While the tractor was out, the culvert at the top of the driveway received a clean out as the winter rain has caused it to nearly fill with fine gravel again.  Two buckets of gravel, sand, and soil were scooped out and utilized to build up the area in front of the garage door that was forming a pond with each rain.


It was pretty quick work to scoop a bucket full from the ditch, drive it down, dump it and use the bucket to spread it flatter.  It only took a few more minutes with a rake to make a gravel area again where it was only sandy mud.  We will see when it rains again if the pond is gone and the water runs around the house as intended.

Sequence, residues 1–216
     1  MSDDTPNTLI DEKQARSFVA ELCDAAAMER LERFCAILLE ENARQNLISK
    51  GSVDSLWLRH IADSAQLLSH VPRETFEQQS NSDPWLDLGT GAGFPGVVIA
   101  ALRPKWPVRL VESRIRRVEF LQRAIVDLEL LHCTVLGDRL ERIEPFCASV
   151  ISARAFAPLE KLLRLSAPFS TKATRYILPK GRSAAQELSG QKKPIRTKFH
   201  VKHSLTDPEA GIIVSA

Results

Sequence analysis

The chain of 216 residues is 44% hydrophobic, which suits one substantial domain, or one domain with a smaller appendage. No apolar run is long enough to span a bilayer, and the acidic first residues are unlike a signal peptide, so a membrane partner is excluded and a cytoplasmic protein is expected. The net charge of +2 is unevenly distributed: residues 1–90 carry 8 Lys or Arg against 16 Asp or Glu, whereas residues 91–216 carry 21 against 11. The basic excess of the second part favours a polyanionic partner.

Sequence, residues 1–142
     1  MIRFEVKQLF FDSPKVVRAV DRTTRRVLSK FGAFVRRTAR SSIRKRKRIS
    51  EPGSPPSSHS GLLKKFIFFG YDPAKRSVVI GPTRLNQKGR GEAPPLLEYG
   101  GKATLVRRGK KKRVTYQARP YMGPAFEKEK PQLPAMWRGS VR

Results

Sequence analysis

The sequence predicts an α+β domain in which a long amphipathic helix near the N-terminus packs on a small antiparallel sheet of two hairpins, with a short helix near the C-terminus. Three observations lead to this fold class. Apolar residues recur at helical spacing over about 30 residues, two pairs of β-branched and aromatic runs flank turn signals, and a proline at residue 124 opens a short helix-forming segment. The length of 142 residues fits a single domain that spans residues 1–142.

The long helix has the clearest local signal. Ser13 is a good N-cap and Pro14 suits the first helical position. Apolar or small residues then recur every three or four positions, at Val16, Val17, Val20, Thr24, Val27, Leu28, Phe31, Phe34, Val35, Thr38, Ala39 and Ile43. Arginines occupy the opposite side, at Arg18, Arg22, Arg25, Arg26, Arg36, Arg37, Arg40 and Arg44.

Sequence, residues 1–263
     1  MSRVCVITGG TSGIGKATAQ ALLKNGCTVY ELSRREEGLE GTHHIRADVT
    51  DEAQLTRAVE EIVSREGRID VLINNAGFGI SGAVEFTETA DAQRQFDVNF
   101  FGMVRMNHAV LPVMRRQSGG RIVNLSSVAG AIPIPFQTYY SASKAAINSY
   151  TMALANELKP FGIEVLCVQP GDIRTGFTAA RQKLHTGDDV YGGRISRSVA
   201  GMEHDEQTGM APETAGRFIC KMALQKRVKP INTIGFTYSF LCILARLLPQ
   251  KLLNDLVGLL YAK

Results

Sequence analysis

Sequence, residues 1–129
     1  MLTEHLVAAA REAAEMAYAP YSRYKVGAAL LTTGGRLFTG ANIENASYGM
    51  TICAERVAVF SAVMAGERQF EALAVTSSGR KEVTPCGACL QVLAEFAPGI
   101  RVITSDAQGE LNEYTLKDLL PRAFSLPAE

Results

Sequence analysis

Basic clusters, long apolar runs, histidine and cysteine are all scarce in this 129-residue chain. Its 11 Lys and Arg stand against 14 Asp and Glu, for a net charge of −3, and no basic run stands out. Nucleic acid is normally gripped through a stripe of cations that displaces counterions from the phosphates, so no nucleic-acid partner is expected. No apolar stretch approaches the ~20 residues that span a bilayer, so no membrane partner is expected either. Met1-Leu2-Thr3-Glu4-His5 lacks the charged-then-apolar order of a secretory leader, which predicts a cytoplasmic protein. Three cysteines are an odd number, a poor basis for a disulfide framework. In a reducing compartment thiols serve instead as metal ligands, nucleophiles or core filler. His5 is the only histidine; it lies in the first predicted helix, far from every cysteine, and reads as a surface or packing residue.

Some flower bed weeding was accomplished, the chickens loving something fresh and green to eat, the peach tree pruning was begun, but just too much to tackle in one attack.  It won’t produce fruit this year, but will be a much more manageable size for pruning in future years and perhaps the other peach tree will give us some fruit this year.

It was nice to be outdoors in February working in the yard and gardens.  Last year, we had just been plowed out by our farmer friend from one of the largest snows of the winter.

We are still searching for some chickens to increase our flock.  Chick days are about to begin, but that is really not the preferred approach.  Hopefully, the hens will be prolific this year and there will be many homegrown chicks from which to choose.  Their fencing still needs to be removed and replaced with a finer mesh and a top put in place to try to thwart the hawk so that we don’t lose so many this year.